His full-length plays include: Brisé (Selection, 2019 Great Plains Theatre Conference, Finalist 2019 Seven Devils Playwright Conference); The Excavation of Mary Anning (Winner, 2018 Ashland New Plays Festival and 2018 DVRF New Playwright Program, Semi-Finalist 2018 O’Neill Conference); Interviewese (Winner Garry Marshall Theatre New Works Fest, Finalist 2018 New Comedy Fest B Street Theatre); Cobbler (Finalist 2019 New Comedy Fest B Street Theatre); The Goldilocks Zone (Passage Theatre Company, Semi-Finalist 2015 O’Neill Conference); Donna Orbits the Moon (NJ Repertory Company, Utah Contemporary Theatre; Barbour Memorial Playwright Award, 2010); Missing Celia Rose (NYC Summer Play Festival; Orlando Shakespeare Theater’s “Playfest 2009,” Bermuda Musical and Dramatic Society); Submitted by C. Randall McCloskey (2011 New York International Fringe Festival); The Moor’s Son; Everything you Can Do (to Make the World a Better Place); and Zero.
His YA play, Parker and the City in the Sea, debuted at the 71st Edinburgh International Fringe Festival in the summer of 2018. Other works have been published by Samuel French, Inc., The Pitkin Review, Smith and Kraus Publishing, and the One-Act Play Depot.
He is an alumnus of Goddard College (MFA) and the Philadelphia playwriting workshop The Foundry. He lives in Lawrenceville, NJ, with his husband, set designer and performing arts teacher Matthew R. Campbell, and his two cats, Lentils and Kimchi.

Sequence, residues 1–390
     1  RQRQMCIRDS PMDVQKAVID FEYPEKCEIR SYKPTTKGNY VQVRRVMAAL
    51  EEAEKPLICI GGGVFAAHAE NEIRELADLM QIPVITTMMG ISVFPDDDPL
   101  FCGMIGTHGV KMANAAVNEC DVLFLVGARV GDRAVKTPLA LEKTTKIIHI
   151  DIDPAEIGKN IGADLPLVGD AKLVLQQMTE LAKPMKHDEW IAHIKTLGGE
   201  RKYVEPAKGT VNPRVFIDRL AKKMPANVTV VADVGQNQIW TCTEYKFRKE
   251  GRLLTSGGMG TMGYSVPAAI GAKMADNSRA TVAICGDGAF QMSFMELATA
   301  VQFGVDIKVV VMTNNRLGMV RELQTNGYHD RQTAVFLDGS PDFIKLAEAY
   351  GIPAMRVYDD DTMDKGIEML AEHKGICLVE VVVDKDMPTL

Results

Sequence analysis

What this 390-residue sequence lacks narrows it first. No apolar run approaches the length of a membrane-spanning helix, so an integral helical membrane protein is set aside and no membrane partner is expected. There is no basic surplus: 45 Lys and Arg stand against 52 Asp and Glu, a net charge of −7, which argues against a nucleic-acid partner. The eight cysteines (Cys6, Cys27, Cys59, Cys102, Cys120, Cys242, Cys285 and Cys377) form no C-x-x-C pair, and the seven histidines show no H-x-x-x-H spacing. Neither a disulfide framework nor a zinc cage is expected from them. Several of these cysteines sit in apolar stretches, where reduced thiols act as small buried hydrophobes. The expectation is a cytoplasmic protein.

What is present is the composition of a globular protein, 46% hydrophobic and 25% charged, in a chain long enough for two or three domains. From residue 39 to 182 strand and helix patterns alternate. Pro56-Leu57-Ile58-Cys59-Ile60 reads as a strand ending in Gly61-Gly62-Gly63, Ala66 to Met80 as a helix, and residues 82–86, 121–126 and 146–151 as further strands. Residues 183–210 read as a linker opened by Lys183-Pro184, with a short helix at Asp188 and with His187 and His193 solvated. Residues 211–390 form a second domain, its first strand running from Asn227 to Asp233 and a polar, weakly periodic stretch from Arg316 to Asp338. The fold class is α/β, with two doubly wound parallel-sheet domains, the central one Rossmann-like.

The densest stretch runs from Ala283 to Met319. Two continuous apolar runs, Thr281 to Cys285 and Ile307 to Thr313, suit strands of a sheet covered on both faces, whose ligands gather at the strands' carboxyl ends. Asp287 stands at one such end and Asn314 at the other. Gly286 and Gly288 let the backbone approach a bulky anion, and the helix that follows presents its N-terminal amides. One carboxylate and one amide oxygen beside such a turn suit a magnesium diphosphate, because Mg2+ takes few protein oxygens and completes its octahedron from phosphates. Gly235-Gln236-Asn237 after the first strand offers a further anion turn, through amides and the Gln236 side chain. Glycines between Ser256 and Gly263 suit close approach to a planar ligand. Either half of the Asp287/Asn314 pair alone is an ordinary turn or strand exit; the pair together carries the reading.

Lyam Bonnie Gabel (they, them) is a director, writer, and social practice artist who creates containers for collective remembering and radical celebration. They are a co-creator of Alleged Lesbian Activities, the nationally touring performance about the history of lesbian bars (www.lastcallnola.org). Current work includes inside[OUTSIDE], a geo-located soundscape and AR experience exploring trans* euphoria and queer ecology; and the dance floor, the hospital room and the kitchen table, about care during the early years of the AIDS crisis. They have worked with playwrights, ensembles, and solo artists to develop work at Judson Church, Pipeline, Leviathan Lab, The Theater Offensive, and The New Orleans Contemporary Arts Center. Their work is funded by MAP, the Network of Ensemble Theaters, National Performance Network, NEFA National Theater Project, and Alternate Roots.
They are a 2020 MFA candidate in directing at Carnegie Mellon University and were a Drama League Fellow in 2017. Upcoming projects include i hope they haunt you for Spring, 2021 at Carnegie Mellon.
Ranging from hilarious to heart-full, this conversation between playwrights and friends Ian August and David Hilder delivers it all. They discuss their ANPF 2020 winning plays ZERO and THOSE DAYS ARE OVER, respectively, sharing the stories behind the plays. David shocks Ian with how quickly he drafted THOSE DAYS ARE OVER, and Ian shocks David when he learns about Ian’s benchmarks for submitting his work to festivals. They talk about acting as the gateway drug to playwriting and discuss both the personal and the political in their art during the current political and pandemic climate we find ourselves in:
“ZERO is not a political play,” says Ian, “but I do think that it touches on themes – addiction and apathy – that are hugely political, so those are things that I’m thinking about. It’s not surfacing in a way that says this play is about politics. Most of the work that I’m doing right now is trying to sort of tell the story that I want to tell, and as I’m telling it I’m realizing it’s more political than I think I even intended when I started it.”